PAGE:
“It’s a great way to get out on a hillside for a few hours,” Lovitch said. “When you first go up, just worry about looking at birds [not trying to identify them].”
Lovitch’s hawk watch introductory class was about learning to spot a bird and narrowing it down to a family — accipiter, falcon, buteo, eagle or vulture — based on the shape of its tail and wings.
Turkey vultures are the easiest to spot. With their large wings, they rock in flight. The Cooper’s hawk slaps the air with its stiff wings. And the sharp-shinned hawk seems to “flutter.”
Lovitch knows the sharp-shinned hawk’s head doesn’t project beyond its wings in flight, so when it gets a glimpse of a group of birdwatchers, it dips its wing down to get a better look. The Cooper’s hawk, which has a larger head, simply turns its head to look, keeping its wings even. Of course, the different movements are learned through much practice, hours of sitting alert at a high elevation and counting birds through binoculars.
Lovitch went to his first hawkwatch when he was 10 years old, and ever since, he has been hooked on birds. In his book “How to be a Better Birder,” in the process of being published, he writes about watching nocturnal bird migration using the meteorology radar. (For meterologists, birds detected by the radar are referred to as “ground clutter.”)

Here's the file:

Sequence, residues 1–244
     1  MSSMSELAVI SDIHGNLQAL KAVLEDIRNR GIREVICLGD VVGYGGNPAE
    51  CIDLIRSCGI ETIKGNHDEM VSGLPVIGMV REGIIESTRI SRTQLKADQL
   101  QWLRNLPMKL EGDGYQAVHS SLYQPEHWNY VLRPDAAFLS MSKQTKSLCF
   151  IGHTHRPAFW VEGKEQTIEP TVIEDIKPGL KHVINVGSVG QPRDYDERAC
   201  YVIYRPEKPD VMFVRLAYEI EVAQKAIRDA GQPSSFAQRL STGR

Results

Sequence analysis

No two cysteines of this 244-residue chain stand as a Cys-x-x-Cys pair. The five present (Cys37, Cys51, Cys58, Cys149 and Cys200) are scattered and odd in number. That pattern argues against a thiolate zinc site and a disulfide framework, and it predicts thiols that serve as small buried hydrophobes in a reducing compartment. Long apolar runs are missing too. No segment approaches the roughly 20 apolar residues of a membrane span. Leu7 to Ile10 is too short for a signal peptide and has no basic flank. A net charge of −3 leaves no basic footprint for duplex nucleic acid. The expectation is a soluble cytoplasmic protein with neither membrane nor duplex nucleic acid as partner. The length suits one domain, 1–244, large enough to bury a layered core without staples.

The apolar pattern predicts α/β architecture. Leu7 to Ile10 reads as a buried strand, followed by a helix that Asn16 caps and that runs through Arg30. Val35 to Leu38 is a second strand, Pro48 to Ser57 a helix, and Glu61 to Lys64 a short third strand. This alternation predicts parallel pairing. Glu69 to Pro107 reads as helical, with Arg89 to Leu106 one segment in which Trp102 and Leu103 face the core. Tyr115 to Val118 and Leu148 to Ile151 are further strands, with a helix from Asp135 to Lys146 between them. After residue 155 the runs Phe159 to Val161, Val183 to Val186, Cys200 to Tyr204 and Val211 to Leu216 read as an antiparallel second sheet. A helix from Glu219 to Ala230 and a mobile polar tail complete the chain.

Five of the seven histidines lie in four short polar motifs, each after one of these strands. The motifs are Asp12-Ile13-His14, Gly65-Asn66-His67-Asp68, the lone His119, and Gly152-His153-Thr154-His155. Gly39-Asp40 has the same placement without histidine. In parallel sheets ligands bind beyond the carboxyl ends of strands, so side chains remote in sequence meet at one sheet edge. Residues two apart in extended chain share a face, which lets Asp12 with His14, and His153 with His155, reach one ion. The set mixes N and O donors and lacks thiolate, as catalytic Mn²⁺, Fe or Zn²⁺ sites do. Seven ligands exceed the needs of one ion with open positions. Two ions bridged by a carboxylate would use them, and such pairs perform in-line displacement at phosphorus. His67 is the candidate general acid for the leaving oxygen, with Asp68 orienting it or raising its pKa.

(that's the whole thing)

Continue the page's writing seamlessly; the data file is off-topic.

“Hawkwatchers learn to talk, eat lunch, check the weather and watch the sky — all at the same time — but they’re bad at eye contact,” Lovitch said, laughing, and added that he is always looking out the window at his feed store when he’s talking to a customer.
This year, Bradbury Mountain Hawkwatch is making an effort to introduce more people to birding, particularly families and children.
Saturday was the first time Andrea Lani of Whitefield and her three sons — Milo, 9, Emmet, 5, and Zephyr, 5 — had been to a hawkwatch, though she makes a point of bringing them to similar outdoor activities.